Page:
In the past six months, I have used the LD09 daily. In fact, I was so enamoured by it that I decided to carry it on my triple trek from Utrala to Hadsar over Jalsu Pass, Kalah Pass and through Mani-Mahesh. This was the first time I was carrying a flashlight in addition to my usual Black Diamond headlamp. So what motivated me to do this?
- There is the weight. The Fenix LD09 weighs 35 grammes with the belt clip (without the battery) which is extremely lightweight. To give you an indication how lightweight that is, a rechargeable AA battery weighs 30 grammes. Therefore, it is not a major drag even for someone as ‘weight paranoid’ as I am.
- The LD09 is not a competitor to the headlamp but complements it. A trekking headlamp like the Black Diamond Storm that I own has a broader spread of light which is great for general illumination and walking. However, the LD09 has a more focused central beam that a) carries further and b) dazzles animals. I tested this on two foxes trying to get in the door-less hall at Shankhpal last month. Instinctively I grabbed my flashlight and truned it on. This dazzled them and they stood still, which gave me enough time to reach my trekking pole and shoo them away.
With shorter days in winters, this two light strategy with a combination of wider and narrower spread gives me the ability to walk after dark. Plus, it gives me redundancy of illumination which I prefer to have on overnight winter treks.
There’s the build quality and accessories. The flashlight is made of aircraft grade aluminium. It comes with a knurled grip and an anti-roll design. The glass is toughened and recessed. In addition, it sports an IPX8 rating, which means it can be submerged in 2 metres of water for about 30 minutes. Out of the box, the LD09 comes with a nylon sheath, a belt clip, spare ‘O’ ring and a lanyard. All of these accessories are useful and thoughtful.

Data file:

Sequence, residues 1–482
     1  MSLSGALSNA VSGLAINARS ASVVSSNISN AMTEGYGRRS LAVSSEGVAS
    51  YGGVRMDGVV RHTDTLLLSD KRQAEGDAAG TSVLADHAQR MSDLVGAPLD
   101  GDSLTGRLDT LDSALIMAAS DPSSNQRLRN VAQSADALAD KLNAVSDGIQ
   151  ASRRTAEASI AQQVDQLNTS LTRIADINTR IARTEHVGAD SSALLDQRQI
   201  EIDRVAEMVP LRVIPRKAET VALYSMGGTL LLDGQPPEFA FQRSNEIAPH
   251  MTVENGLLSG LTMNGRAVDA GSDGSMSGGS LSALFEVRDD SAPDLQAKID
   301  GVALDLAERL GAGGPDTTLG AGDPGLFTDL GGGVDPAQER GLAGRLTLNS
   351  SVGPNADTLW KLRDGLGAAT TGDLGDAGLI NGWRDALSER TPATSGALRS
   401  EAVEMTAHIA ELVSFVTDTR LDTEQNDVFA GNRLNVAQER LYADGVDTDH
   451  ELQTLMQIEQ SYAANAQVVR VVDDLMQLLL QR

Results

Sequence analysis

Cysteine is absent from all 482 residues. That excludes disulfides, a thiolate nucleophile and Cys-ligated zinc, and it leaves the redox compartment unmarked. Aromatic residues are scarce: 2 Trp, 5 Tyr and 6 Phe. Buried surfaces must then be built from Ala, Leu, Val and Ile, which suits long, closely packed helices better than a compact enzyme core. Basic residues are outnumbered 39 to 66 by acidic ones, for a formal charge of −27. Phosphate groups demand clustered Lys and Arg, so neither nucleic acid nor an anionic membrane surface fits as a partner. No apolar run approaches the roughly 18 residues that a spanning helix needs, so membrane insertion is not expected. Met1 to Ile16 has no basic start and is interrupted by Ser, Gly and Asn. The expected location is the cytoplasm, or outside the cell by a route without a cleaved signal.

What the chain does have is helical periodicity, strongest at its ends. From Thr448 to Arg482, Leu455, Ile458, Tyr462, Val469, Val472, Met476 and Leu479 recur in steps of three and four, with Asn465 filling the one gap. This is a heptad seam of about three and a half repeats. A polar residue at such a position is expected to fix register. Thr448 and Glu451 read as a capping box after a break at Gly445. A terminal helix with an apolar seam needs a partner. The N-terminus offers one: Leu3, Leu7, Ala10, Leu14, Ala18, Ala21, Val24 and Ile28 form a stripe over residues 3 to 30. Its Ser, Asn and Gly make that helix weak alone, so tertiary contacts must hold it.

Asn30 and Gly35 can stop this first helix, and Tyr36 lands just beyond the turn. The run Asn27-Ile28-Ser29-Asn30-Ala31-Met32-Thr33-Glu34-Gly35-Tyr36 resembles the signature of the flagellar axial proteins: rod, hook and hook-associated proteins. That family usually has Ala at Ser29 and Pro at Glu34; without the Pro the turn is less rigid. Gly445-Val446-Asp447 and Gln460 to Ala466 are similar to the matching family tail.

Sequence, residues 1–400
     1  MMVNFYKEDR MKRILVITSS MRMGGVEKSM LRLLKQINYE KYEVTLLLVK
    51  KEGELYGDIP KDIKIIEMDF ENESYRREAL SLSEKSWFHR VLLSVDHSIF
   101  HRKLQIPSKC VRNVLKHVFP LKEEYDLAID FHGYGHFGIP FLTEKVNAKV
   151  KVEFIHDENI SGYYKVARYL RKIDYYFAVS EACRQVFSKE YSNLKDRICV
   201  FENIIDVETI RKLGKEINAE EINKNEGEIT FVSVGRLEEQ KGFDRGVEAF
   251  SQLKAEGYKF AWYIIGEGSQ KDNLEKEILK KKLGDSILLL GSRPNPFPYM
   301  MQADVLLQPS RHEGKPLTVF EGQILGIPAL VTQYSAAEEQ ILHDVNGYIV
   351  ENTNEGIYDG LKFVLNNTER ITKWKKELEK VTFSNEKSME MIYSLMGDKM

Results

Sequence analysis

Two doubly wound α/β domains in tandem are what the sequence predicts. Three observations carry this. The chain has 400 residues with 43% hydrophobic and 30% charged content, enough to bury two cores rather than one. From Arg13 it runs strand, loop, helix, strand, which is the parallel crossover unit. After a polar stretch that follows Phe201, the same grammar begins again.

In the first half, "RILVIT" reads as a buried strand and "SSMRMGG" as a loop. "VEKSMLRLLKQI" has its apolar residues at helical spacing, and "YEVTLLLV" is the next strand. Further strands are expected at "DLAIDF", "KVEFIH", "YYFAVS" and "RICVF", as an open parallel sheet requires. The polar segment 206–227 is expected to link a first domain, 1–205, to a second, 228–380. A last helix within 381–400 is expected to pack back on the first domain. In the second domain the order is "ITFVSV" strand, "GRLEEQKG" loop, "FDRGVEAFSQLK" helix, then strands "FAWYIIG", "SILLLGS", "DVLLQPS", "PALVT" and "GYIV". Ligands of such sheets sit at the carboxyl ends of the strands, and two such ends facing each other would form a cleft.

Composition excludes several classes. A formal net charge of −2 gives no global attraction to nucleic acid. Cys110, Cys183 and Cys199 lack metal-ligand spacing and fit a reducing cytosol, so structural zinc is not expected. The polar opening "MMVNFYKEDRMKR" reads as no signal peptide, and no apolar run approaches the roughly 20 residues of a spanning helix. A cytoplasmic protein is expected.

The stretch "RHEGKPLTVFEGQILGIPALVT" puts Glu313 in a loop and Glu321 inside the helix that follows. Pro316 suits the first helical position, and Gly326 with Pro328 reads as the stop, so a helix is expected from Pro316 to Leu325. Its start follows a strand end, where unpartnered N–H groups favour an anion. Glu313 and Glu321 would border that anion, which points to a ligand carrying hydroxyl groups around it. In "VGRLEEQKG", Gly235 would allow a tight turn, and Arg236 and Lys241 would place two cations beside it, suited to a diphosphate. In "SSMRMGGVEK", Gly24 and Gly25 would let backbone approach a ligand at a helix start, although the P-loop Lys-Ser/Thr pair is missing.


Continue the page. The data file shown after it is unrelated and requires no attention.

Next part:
battery life. If you have to buy rechargeable batteries look no further than Panasonic Eneloop Pros. It is an investment that pays itself many times over. On this flashlight, I clocked 42 hours and 23 minutes of continuous runtime at the lowest power setting. This is mind boggling, considering it is powered by a single AA rechargeable battery. In fact, on my normal trek usage, a single Eneloop Pro AA battery lasts me a week.
Finally, it doubles as an emergency beacon with its built-in SOS mode. Since I am an Indian national the chances of getting rescued in the Himalayas are quite remote. Yet, the ability to be able to signal after dark or provide a beacon for the rescue team to reach me is a nice touch.Fenix LD09 specs on the box
A lot of people may baulk at the thought of a Rs. 2000 flashlight. They may feel that a simple flashlight available at most shops serves the purpose. Yet, a well-built instrument is functional and it is also a pleasure to hold and deploy. This is especially true about the Fenix LD09. It is neither the cheapest or the most expensive EDC flashlight out there. Nevertheless, it punches above its weight in terms of build quality, battery life and perceived value for money. An excellent value for the discerning trekker.
- Lightweight at 35 grammes.
- Excellent build – IPX8.
- Comes with thoughtful accessories.
- Long battery life.
- Can’t reliably stand on its tail. Thus, candlelight operation is limited.
- No memory. Restarts every time in mid output mode.
- Lumen is never enough! I wish the LD09 was brighter.
The LD09 model updated in 2015. The 2015 edition is brighter at 220 lumen and supports Fenix’s 14500 rechargeable Li-ion battery. However, it is also more expensive - Rs. 3000 (as on 1 December 2016). Therefore, grab your clearance stock from Lightorati while it lasts.